University of Denver Game Changers Honored at Founders Celebration
Supporters of the University of Denver gathered on March 1 for the annual Founders Celebration. The event recognizes the 1864 founding of DU by honoring the people and institutions who have left an indelible print on the school and its future. The honorees are presented with the Founders Medal, one of the highest honors bestowed by the University.
This year’s medal recipients are:
- James C. Kennedy (BSBA '70), chairman of Cox Enterprises and former University of Denver Trustee, and Sarah Kennedy.
- Andrew C. Taylor (BSBA '70, Hon. PhD '01), executive chairman of Enterprise Holdings, and Barbara B. Taylor.
- Daniels Fund, represented by Chief Executive Officer Hanna Skandera.
“Every organization has a defining moment, a point in time when mission, quality, aspirations and opportunity combine to influence its course for future generations,” says DU Chancellor Jeremy Haefner. “This is the University of Denver’s defining moment.”
The Mountain Campus
Haefner is referring to the University’s game-changing acquisition, the 724-acre James C. Kennedy Mountain Campus (KMC). It makes DU the first university in the country that can offer an urban and mountain educational experience for all students. A $26 million donation by the Kennedys made the purchase of the campus possible.
“I think, like a very fortunate venture capitalist, I came along at the right time,” James Kennedy says. “It was somebody else’s idea, then I was able to supply the resources to make it work.
“When I was at DU, I came to Denver for the mountains and the business school, and they pulled me in different directions. But I thought if you could combine education with the mountain experience, it would be a wonderful differentiator for the University of Denver.”
First-year student Griffin Young of St. Louis, Missouri, introduced the Kennedys at the ceremony and shared his experience at KMC.
“While I chose the University of Denver for many reasons, the outdoors was a huge pull. … Atop that rocky outcropping, I had a moment of realization that all the struggles I had faced in the first few weeks were insignificant in the grand scheme of things.”
The mountain campus amplifies the student 4D Experience: advancing intellectual growth, promoting well-being, exploring character and pursuing careers and lives of purpose. Kennedy’s classmate, Andrew Taylor and his wife Barbara, added a $20 million donation to secure the programming and resources to help KMC meet those goals.
“I saw the mountain campus as a tremendous competitive advantage for the school,” Andy Taylor says. “I truly believe that this mountain campus will be a fabulous part of DU going forward.”
Taylor and Kennedy both value the experience of being in nature and developing a relationship with it.
“When you rise to a challenge in the outdoors that you don’t think you can do, and you accomplish it, you feel better about yourself,” Kennedy says.
Meeting challenges, pursuing careers and living lives of purpose align with the goals of the Daniels Fund, a charitable foundation established by cable TV pioneer Bill Daniels (1920-2000). The fund supports grants, scholarships and ethics initiatives in Utah, Wyoming, Colorado and New Mexico. Skandera says in 2021 the Daniels Fund passed the $1 billion mark in donations, with 5,000 students having received its coveted $100,000 scholarship.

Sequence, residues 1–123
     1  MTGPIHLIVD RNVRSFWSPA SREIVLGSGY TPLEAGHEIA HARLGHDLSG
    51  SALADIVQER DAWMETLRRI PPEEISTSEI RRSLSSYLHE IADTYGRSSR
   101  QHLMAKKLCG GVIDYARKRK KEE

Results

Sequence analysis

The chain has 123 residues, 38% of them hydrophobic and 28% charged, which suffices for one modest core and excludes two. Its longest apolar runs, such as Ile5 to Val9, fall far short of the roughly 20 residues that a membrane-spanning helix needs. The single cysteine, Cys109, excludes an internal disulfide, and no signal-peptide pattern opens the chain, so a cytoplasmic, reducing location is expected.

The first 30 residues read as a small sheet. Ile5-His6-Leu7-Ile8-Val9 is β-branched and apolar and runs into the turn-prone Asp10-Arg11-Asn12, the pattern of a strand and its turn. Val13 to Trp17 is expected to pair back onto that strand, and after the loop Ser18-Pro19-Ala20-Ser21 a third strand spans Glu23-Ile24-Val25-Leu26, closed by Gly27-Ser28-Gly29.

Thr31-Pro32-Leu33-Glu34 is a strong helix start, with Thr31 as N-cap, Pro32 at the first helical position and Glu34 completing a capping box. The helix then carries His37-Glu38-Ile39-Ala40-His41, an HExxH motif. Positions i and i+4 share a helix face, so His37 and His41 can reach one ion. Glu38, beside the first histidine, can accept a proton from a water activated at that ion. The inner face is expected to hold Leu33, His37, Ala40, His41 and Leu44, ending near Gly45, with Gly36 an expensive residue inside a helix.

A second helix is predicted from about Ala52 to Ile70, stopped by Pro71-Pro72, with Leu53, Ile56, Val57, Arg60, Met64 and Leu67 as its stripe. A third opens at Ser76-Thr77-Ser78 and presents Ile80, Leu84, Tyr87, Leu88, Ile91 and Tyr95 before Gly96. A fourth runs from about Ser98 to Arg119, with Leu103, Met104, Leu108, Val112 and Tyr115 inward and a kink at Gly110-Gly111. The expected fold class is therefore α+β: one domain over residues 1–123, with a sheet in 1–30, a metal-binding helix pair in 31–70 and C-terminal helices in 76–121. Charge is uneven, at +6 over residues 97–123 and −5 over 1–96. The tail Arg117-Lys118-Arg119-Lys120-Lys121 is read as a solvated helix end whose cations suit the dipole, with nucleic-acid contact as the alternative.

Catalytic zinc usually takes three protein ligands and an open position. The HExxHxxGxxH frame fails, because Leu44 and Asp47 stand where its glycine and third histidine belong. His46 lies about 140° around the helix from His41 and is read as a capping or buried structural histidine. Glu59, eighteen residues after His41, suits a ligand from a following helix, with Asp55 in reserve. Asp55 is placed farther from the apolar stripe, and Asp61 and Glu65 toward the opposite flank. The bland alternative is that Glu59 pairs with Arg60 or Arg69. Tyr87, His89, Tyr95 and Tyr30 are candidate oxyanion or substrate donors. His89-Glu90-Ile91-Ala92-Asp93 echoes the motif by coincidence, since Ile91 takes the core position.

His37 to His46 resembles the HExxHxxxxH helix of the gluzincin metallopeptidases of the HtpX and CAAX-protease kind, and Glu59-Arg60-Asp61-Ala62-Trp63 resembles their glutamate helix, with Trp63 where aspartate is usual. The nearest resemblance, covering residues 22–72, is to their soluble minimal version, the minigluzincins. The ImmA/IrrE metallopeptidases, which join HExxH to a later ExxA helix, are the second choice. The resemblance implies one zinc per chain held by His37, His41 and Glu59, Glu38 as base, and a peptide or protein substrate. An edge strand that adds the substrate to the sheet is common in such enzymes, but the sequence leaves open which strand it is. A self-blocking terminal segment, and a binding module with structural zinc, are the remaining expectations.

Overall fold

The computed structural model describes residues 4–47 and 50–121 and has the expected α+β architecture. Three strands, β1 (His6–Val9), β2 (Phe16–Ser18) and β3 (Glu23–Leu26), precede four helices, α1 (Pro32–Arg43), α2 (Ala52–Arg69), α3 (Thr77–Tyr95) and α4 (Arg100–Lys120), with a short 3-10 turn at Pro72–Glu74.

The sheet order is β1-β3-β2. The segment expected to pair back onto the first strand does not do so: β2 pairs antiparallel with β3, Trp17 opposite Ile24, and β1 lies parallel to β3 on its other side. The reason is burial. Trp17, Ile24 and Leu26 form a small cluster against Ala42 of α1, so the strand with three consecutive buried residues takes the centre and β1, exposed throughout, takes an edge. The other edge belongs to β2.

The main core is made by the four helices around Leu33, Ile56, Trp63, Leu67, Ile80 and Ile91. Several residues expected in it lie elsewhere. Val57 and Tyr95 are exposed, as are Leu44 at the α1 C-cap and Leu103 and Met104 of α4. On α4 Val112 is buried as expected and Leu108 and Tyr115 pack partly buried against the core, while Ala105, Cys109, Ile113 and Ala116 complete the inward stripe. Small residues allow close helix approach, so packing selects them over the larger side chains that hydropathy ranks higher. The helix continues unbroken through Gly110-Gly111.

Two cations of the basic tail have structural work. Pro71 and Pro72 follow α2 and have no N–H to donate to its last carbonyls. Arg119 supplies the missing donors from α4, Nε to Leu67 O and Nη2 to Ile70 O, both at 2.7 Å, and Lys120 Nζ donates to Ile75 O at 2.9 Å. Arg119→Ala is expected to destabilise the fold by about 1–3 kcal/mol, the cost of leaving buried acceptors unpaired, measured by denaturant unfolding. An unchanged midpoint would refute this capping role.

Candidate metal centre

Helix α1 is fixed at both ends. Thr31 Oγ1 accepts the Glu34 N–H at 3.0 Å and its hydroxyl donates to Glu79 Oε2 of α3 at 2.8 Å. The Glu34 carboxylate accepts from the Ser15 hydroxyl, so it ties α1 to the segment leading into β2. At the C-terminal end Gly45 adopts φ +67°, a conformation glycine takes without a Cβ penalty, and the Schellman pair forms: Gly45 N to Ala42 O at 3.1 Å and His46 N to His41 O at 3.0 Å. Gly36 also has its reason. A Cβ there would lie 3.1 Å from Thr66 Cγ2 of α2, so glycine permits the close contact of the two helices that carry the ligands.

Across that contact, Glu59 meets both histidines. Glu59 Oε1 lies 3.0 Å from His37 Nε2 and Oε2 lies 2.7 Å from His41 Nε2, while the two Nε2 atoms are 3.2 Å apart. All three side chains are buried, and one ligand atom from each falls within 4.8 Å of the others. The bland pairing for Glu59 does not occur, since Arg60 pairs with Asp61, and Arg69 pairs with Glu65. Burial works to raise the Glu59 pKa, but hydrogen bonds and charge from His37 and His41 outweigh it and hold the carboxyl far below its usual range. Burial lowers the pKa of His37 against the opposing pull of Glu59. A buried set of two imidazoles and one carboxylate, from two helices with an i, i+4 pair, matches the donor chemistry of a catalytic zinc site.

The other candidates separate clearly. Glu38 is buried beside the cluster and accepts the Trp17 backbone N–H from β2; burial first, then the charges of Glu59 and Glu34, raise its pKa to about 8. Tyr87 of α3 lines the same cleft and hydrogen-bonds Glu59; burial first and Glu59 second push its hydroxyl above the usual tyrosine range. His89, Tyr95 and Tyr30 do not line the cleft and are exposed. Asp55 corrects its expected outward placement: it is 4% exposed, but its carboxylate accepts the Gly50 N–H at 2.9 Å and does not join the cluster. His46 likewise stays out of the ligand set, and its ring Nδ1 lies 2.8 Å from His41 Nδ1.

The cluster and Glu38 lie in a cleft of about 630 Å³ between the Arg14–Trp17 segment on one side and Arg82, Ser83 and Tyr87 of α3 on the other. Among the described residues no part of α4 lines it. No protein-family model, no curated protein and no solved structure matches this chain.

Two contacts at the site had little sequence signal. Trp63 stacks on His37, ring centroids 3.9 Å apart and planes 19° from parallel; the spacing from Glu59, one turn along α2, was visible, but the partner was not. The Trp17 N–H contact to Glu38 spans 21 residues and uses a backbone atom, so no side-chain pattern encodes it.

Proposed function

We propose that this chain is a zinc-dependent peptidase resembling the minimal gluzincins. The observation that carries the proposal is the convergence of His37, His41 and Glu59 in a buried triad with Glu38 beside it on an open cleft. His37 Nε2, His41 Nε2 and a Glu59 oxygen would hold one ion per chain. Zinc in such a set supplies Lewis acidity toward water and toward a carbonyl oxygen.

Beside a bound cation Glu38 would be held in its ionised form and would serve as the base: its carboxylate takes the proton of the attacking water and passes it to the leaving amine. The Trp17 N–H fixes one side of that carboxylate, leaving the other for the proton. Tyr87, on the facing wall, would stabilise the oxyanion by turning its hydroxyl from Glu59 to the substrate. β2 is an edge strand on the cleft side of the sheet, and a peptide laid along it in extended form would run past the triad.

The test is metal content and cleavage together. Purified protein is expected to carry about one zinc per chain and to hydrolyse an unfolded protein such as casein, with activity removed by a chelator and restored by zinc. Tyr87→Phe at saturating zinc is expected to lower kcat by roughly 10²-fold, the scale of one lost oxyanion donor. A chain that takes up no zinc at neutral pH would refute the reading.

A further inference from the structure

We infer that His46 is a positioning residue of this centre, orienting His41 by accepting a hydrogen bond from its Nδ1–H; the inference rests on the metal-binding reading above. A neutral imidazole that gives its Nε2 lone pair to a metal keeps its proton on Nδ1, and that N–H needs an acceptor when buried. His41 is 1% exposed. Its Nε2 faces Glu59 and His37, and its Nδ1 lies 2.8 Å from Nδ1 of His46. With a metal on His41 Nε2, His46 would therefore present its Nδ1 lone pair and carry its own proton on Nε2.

“At the end of the day, Bill recognized education was game changing,” Skandera says. “We serve young people, some of whom are diamonds in the rough, a little like he was, who might need a bit of a hand. Many of our scholars are first generation students.”
Daniels’ name is intrinsically tied to DU. It’s his name on the Daniels College of Business, and DU is a top choice for many Daniels Fund scholars. He wanted to build a network of business leaders with a strong sense of ethics and integrity, and aligning with DU to help forward this vision spurred his original donation to the University, Skandera says.
That donation, which was the first of its kind for DU, Skandera says, “became a catalyst and inspired other donors to get involved,” resulting in $69 million for scholarships and grants being donated through the Daniels College of Business. “It’s important to invest in the next generation and make sure they have a solid foundation in ethics and integrity at the same time,” she says.
Giving Hope for the Future
DU ties run deep with all three honorees, as does the desire to see its continued success. Kennedy's generosity has established three endowed chairs in the Morgridge College of Education, fueling excellence in teaching and learning for generations to come. In giving to scholarships, Taylor has supported the educational efforts of more than 500 scholars in the Daniels College of Business. Their most recent philanthropy in support of the Kennedy Mountain Campus extends that vision of holistic education for the benefit of all DU students.
“I just hope [KMC] adds to [students’] educational experience, and it moves them to be more environmentally conscious and think about what they can do in the future to give,” Kennedy says.
Taylor adds, “I always make a joke that it’s good to graduate from a school that got better after you left. As a graduate, I feel like my parents and I made an investment in the school, and we would like the school to be as good as it can possibly be, so we made these further investments in the school, and we have over some period of time. This mountain campus is going to be a fantastic addition to the school and I do believe the school is on an upswing, for sure.”